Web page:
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Articles by L. Lajide
Total Records ( 4 ) for L. Lajide
  A. Olonisakin , M.O. Oladimeji and L. Lajide
  The composition of the volatile oil from the fruits (berries) of Ashanti pepper (Piper guineense) was investigated using gas chromatography-mass spectrometry techniques. Out of 29 peaks (representing 99.2% of total oil), 27 components were identified representing 96.40% of the total oil composition. The major components were (1s)-(-1)-β-pinene (43.9%), D-Limonene (7.7%), caryophyllene (6.9%), car-2-ene (5.4%) and 1,6,10-dodecetrien-z-ol, 3, 7, 11-trimetyl (2.9%). The oil was also screened for its antibacterial activity against Escherichia coli, Serratia, Salmonella typhi, Klebsiella sp., Citrobacter and Pseudomonas aeruginosa. It was found out that it exhibited no activity against any of these organisms.
  A. Olonisakin , M.O. Oladimeji and L. Lajide
  Essential Oils from dry fruits of Xylopia aethiopica and Syzgium aromaticum were obtained by steam distillation, using a Clevenger-type system. The composition was determined by means of gas chromatography-mass spectrometry techniques using direct injection. The oils were also screened for antibacteria activity against E. coli, Serratia sp, Salmonella typhi, Klebsiella sp, citrobacter and Pseudomonas aeruginosa. The oil yields were 1.2 and 7.4% for Xylopia aethiopica and Syzgium aromaticum, respectively. The results showed that twenty three and three constituents representing 74 and 99.9% of the o ils were conclusively identified from X. aethiopica and S. aromaticum, respectively. ß-pinene 13.78%, ß-phelladrene, 12.36% gama-terpinene 7.66% and -pinene 5.56% as the major components of X. aethiopica and eugenol 93.7% for S. aromaticum. The two oils show demonstrated activity against tested organisms with S. aromaticum having higher activity than X. aethiopica at different concentrations.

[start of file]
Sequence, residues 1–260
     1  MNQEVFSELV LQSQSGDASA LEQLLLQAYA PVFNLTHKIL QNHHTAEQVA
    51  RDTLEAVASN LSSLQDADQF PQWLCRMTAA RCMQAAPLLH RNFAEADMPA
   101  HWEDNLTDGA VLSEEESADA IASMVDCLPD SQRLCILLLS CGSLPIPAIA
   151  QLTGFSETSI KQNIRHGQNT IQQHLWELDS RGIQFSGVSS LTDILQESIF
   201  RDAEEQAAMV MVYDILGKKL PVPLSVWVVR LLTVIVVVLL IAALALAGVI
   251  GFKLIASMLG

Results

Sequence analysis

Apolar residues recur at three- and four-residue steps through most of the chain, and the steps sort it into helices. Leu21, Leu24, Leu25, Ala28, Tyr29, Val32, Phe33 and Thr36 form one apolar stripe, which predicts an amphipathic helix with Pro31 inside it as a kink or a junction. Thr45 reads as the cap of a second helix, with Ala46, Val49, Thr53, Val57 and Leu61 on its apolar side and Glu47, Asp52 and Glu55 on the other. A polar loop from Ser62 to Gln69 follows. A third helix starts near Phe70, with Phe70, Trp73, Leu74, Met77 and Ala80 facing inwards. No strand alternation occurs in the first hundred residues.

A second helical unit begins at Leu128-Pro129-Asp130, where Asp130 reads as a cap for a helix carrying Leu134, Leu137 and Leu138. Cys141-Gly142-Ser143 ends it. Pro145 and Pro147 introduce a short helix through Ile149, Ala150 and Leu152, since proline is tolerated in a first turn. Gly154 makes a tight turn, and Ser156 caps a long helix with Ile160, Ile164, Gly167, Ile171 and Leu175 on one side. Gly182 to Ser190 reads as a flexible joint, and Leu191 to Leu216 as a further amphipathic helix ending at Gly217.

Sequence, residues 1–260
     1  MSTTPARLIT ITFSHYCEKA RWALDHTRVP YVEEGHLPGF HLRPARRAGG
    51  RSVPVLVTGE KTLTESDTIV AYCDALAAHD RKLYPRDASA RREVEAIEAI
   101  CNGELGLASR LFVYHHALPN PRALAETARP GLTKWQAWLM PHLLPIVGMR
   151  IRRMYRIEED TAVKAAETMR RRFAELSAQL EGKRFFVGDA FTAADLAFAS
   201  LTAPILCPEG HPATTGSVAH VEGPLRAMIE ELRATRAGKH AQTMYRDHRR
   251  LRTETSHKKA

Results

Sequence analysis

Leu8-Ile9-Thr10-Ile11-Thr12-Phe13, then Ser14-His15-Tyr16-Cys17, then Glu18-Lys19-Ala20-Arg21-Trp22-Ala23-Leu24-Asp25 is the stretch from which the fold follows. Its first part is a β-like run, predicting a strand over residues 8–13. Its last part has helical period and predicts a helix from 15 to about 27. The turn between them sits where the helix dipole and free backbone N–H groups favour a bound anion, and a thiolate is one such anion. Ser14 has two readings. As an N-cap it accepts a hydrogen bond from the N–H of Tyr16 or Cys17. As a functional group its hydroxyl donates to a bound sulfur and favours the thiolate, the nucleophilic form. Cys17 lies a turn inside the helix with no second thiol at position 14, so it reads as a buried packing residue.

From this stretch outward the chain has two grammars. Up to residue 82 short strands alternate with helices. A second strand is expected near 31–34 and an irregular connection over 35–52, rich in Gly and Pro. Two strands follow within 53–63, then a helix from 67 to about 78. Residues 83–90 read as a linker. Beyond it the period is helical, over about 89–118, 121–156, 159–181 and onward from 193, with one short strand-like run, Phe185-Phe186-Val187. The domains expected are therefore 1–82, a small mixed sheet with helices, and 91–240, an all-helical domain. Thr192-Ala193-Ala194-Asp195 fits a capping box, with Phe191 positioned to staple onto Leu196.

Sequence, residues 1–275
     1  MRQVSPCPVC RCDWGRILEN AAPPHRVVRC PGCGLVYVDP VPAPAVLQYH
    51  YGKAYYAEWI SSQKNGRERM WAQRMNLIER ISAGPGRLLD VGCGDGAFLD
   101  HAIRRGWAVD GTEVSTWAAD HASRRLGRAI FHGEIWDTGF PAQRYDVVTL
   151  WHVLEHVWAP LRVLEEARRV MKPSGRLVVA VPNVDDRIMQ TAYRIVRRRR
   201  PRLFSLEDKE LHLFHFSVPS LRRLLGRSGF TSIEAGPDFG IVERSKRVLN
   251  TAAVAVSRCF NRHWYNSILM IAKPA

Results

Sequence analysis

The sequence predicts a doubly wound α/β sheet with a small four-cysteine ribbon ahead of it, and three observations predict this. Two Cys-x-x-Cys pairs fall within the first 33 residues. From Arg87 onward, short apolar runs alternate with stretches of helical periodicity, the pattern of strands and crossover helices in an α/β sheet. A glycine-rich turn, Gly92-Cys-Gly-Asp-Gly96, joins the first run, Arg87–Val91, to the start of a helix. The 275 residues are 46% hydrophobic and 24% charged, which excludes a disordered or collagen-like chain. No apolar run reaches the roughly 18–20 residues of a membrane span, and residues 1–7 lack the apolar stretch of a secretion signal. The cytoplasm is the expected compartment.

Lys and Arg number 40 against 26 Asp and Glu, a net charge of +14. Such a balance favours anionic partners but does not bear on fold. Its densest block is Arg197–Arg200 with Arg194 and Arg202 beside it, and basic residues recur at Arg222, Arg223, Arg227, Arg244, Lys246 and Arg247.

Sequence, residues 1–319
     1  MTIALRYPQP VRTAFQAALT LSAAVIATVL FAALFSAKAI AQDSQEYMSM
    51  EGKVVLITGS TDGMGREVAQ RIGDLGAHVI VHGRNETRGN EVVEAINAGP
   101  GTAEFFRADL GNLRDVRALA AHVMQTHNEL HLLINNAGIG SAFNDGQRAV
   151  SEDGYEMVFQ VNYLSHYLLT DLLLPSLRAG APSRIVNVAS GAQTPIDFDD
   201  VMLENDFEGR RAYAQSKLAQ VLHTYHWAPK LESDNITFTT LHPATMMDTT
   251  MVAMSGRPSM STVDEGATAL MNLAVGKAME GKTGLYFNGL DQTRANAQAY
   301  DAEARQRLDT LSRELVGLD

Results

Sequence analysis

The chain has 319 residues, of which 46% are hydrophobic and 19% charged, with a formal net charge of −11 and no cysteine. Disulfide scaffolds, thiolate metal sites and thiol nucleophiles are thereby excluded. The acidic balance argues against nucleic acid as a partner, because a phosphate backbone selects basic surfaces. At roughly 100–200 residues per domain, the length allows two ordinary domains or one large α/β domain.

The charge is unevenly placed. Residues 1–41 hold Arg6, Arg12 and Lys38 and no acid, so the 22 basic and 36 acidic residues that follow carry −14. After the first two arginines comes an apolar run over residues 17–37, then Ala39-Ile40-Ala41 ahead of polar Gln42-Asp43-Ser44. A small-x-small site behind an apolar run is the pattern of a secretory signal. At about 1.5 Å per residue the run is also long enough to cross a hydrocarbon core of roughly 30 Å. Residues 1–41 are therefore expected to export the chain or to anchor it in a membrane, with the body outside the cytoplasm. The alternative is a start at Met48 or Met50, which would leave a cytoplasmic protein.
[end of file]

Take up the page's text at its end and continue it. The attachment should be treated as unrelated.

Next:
L. Lajide , M.O. Oseke and O.O. Olaoye
  Seedling of 5 species of legumes were analysed for their vitamin C, fibre, lignin and mineral contents using standard analytical techniques. Vigna sinensis (Oloyin), Vigna sinensis (Ife-brown), Vigna unguiculata (Mala), Vigna unguiculata (Sokoto) were analysed at day 7 and Cajanus cajan at day 14. The ascorbic acid contents were found to be 10.6, 26.4, 31.4, 34.6 and 38.4 mg/100 g, respectively; the fibre contents gave values of 22, 20, 20, 21.5 and 31%, while the lignin contents were 0.057, 0.062, 0.082 and 0.18%, respectively. The results of trace mineral analysis gave values ranging from 3.36-7.84 mg/100 g for calcium, 0.72-2.16 mg/100 g for copper, 5.40-18.00 mg/100 g for iron, 81.00-82.26 mg/100 g for potassium and 93.00 -123.60 mg/100 g for magnesium in the 5 species. The values obtained for potassium and magnesium were high for all the species.
  A. Olonisakin , M.O. Oladimeji and L. Lajide
  The toxicity and repellent effects of steam distilled oils of Ocimum suave, Piper guineese, Syzgium aromaticum and Xylopia aethiopica were evaluated against the cowpea bruchid (Callosobrochus maculatus) infesting stored cowpea seeds under prevailing storage conditions in middle belt of Nigeria. In toxicity test C. maculatus adults were exposed to 10 g of cowpea seeds (Vigna unguiculate) admixed with five dosages of each oil. While in the repellency tests adult bruchids were introduced onto test arenas (filter paper discs) treated with different dosages of each of the oil. Insecticidal oil were ranked in the order of decreasing toxicity as Syzgium aromaticum oil (LC50 = < 0.1 mg/10 g seed) > Xylopia aethopica oil (LC50 = 0.485 mg/10 g seed > Piper guineese oil (LC50 = 0.510 mg/100 g seed) > Ocimum shave oil (LC50 0.660 mg/10 g seed). Significantly higher proportion of C. maculates adults were repelled from filter paper discs treated with all plant oils with average means repellent order of 60.24, 77.87, 80.23 and 86.66% for Xylopia aethiopica, Piper guineese, Syzguim aromaticum and Ocimum suare, respectively.
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